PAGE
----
That one could be aware of current unprecedented conditions and events worldwide and not be living daily in expectation that at any moment we could all be suddenly caught away by our Lord is amazing!—yet it is also a fulfillment of prophecy.
Jesus indicated that there was at least the danger of being found “asleep”, a condition in contradistinction to “not watching” for His return for the saints, and actually commanded us to watch and not sleep, points that Richard has made elsewhere in the A-O Report [Matt. 24:42; Mark 13:33, 37; Luke 21:36].
But it’s still amazing to me how sleepy many folks—sincere believers—truly are regarding the nearness of Jesus’ return! And if the subject is brought up, some don’t want to hear about it! It’s truly spectacular. Though we are beseeched by Paul in 1 Thess. 5:6,7 not to “sleep”, or pass through this life drunkenly—not anticipating Jesus’ return—this anticipation, for various reasons, does not seem to be widespread across the Body of Christ.
I would rather be denounced as an escapist—and an extremist—for believing that Jesus is returning for me according to His promise in Jn. 14:1-3 [and have, even by those closest to me] rather than miss out on the “crown of righteousness” promised to those who “love His appearing” [2 Tim. 4:8]!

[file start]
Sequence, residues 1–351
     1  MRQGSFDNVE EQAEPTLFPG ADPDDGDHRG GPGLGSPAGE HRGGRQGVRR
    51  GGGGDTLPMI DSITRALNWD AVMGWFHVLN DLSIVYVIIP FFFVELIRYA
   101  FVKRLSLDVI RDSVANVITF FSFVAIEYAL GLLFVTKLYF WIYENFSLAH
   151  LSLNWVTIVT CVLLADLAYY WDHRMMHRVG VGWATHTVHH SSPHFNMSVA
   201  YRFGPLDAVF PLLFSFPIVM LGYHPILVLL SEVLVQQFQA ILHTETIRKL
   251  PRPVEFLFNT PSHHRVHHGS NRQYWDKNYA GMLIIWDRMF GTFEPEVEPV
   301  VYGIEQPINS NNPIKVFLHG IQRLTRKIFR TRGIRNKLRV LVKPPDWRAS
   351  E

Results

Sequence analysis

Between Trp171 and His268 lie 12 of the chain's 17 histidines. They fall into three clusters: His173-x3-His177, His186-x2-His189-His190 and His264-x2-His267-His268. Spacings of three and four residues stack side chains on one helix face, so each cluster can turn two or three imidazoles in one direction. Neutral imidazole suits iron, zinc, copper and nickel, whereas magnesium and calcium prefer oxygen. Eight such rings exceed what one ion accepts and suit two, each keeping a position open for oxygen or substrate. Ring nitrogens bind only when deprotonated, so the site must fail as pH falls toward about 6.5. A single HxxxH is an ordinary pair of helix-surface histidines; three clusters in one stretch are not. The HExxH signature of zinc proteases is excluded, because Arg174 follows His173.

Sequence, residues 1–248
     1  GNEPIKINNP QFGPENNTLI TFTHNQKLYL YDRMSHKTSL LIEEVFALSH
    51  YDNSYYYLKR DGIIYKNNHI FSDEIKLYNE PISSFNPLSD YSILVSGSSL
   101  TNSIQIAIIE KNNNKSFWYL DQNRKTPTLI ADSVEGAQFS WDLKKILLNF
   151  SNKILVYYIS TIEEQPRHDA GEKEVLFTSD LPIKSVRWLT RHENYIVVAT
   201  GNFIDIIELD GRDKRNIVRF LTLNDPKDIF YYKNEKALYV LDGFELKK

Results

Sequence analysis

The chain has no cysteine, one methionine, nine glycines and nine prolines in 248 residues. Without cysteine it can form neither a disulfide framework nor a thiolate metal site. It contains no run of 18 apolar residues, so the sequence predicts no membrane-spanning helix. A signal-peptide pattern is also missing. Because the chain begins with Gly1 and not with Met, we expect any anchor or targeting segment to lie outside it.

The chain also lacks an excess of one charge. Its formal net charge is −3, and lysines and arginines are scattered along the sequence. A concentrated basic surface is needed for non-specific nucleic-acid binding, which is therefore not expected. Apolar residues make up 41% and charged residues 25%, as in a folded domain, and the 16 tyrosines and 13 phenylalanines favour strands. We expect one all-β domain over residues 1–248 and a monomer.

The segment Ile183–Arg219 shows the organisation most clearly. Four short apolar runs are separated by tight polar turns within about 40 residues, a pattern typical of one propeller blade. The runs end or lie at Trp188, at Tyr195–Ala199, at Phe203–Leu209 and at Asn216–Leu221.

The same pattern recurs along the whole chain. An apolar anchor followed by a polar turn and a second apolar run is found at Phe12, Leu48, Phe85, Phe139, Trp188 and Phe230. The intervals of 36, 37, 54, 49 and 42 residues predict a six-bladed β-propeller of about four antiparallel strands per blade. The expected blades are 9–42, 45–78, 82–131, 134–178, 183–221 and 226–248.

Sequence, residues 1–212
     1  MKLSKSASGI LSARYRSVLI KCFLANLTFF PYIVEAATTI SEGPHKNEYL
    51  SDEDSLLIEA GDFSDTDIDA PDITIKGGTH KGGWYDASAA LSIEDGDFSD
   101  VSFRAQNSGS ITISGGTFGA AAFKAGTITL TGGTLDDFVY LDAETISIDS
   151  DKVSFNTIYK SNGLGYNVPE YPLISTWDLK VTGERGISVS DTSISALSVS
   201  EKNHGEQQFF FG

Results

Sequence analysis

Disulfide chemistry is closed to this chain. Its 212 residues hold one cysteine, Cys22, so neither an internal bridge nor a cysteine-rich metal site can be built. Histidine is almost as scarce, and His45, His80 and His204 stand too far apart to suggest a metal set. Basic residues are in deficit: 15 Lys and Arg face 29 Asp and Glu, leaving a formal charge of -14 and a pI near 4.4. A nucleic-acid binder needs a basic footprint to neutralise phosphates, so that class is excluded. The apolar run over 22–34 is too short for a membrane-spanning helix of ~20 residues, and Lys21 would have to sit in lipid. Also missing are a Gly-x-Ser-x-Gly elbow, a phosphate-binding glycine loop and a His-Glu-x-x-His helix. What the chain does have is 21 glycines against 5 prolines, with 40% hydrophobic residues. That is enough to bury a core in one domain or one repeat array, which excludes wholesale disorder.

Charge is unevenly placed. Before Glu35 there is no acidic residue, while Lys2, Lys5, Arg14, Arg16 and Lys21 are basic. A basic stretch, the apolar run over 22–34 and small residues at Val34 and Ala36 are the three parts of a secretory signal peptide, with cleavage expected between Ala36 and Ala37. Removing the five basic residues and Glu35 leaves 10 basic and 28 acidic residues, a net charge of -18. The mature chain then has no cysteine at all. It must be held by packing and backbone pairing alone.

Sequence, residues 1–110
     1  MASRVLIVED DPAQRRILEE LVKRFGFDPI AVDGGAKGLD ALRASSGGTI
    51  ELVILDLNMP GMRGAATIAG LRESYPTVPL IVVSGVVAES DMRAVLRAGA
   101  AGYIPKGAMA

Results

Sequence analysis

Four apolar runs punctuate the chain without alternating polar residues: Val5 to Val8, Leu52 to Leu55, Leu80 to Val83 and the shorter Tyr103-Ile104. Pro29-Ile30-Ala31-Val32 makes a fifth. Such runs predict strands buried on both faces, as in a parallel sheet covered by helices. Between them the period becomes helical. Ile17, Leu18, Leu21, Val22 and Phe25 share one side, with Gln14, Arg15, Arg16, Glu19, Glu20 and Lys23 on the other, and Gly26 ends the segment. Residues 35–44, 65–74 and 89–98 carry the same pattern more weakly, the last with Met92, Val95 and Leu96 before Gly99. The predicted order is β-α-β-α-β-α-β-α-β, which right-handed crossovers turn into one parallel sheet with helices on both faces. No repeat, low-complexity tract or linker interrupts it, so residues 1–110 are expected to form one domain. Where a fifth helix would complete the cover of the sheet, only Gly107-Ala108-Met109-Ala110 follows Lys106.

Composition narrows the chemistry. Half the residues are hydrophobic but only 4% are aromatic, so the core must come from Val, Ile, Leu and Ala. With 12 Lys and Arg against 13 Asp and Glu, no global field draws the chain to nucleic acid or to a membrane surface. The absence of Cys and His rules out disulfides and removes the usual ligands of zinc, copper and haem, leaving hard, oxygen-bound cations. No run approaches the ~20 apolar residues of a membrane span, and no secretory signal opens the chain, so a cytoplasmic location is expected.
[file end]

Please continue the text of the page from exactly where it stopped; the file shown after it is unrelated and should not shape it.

To every believer who serves the living and true God, and waits for His Son from Heaven, Who rescues us from the wrath to come [1 Thess. 1:10]—I humbly plead:
♦Stand firm and hold your ground in the faith and power of God!
♦Watch global events and behold how quickly the world system is lining up with the Bible’s predictions of how the End Times would play out!
♦Stay close to God!
♦Let yourself become more in love with Jesus than you’ve ever been before!
♦Let grace rule your thoughts, and love rule your motives!
♦Encourage yourself and your dear friends in the Lord, in the light of the Blessed Hope!
♦Keep short accounts with Heaven—turn away from every “idol” that steals your worship away from God!
♦Pray in agreement with John [as in Rev. 22:20]: “Even so, Come, Lord Jesus!”
By God’s grace and power I will be right there with you, and we will soon meet in the air, celebrating His great love and faithfulness.
The time of our departure is fast approaching! It is nearer than most even realize!
Jeffrey C. Ady, PhD.
Associate Pastor, Hope Chapel Ala Moana
Honolulu, HI USA